Heat advisory in effect across Bay Area; triple-digit temperatures expected

SAN FRANCISCO — On the first day of summer, a heat advisory was in effect Tuesday morning across the Bay Area.

The heat advisory was in effect at Tuesday was to remain until 10 p.m. Tuesday evening, Heggen said. The advisory covers interior portions of the North Bay, East Bay, South Bay, San Francisco Bay shoreline, interior Monterey and San Benito counties, as well as the Santa Cruz Mountains. 

Temperatures are expected to reach well into the 90s Tuesday, with the Bay Area’s warmest spots peaking between 100°-105°. While coastal temperatures will also be a good 10°-15° above-average, onshore winds are expected to keep heat risk levels lower.  

The North Bay interior mountain areas will also see breezy north and northwest winds, particularly on the mountain tops and ridges of eastern Sonoma and Napa counties, which will bring elevated fire risks to those areas. 

Also Tuesday, Sonoma County issued its own heat alert in response to the weather service’s heat advisory. The heat alert applies to inland areas of the county, where high temperatures are forecast in the high 90s and low 100s. Santa Rosa is forecast to reach 103 degrees.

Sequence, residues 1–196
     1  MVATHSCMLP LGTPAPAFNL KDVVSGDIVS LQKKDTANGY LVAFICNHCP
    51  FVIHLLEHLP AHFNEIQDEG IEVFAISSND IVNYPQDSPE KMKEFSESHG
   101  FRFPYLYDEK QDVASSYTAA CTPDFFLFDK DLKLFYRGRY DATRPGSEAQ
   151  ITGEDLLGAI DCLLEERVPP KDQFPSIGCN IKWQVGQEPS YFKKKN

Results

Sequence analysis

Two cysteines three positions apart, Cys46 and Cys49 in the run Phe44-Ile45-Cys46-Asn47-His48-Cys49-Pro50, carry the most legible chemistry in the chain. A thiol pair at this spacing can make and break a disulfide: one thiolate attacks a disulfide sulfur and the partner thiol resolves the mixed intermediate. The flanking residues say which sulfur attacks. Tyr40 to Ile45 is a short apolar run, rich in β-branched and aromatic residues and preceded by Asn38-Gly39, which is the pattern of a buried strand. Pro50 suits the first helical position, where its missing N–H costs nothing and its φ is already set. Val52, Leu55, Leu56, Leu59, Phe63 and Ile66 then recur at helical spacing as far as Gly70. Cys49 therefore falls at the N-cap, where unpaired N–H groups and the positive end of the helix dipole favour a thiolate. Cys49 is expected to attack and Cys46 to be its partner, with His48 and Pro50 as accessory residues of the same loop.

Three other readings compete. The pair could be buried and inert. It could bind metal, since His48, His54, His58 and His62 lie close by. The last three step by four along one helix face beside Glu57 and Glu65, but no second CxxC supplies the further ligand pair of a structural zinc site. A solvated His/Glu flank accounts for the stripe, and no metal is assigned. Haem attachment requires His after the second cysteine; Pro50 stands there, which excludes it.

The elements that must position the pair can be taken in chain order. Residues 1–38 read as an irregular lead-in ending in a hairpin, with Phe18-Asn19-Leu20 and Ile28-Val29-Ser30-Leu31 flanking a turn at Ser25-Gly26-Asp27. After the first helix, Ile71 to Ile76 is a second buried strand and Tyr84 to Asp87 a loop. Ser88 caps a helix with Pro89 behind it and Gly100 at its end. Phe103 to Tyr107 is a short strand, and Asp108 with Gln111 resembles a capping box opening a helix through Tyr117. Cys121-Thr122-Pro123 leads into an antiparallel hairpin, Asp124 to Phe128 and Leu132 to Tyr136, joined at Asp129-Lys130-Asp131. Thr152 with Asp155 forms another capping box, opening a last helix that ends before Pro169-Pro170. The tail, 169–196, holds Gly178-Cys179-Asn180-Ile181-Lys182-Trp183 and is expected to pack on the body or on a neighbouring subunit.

Extreme heat will significantly increase the potential for heat-related illnesses, particularly for those working or participating in outdoor activities. Bay Area residents are advised to drink plenty of fluids, stay in an air-conditioned room, stay out of the sun, and check up on relatives and neighbors. Additionally, young children and pets should never be left unattended in vehicles under any circumstances.

Anyone who works or spends time outside Tuesday is advised to take extra precautions and reschedule strenuous activities to early morning or evening when possible. Residents in warmer areas should know the signs and symptoms of heat exhaustion and heat stroke and wear lightweight and loose fitting clothing when possible. 

To reduce risk during outdoor work, the Occupational Safety and Health Administration recommends scheduling frequent rest breaks in shaded or air conditioned environments. Anyone overcome by heat should be moved to a cool and shaded location. Heat stroke is an emergency! Call 9-1-1 immediately in the event of a person experiencing heat stroke.

The Bay Area office of the National Weather Service on Tuesday posted some reminders on staying safe in hot weather to its Twitter account.

The heat, combined with expected motor vehicle exhaust, has prompted the Bay Area Air Quality Management District to issue a Spare the Air alert for smog on Tuesday.

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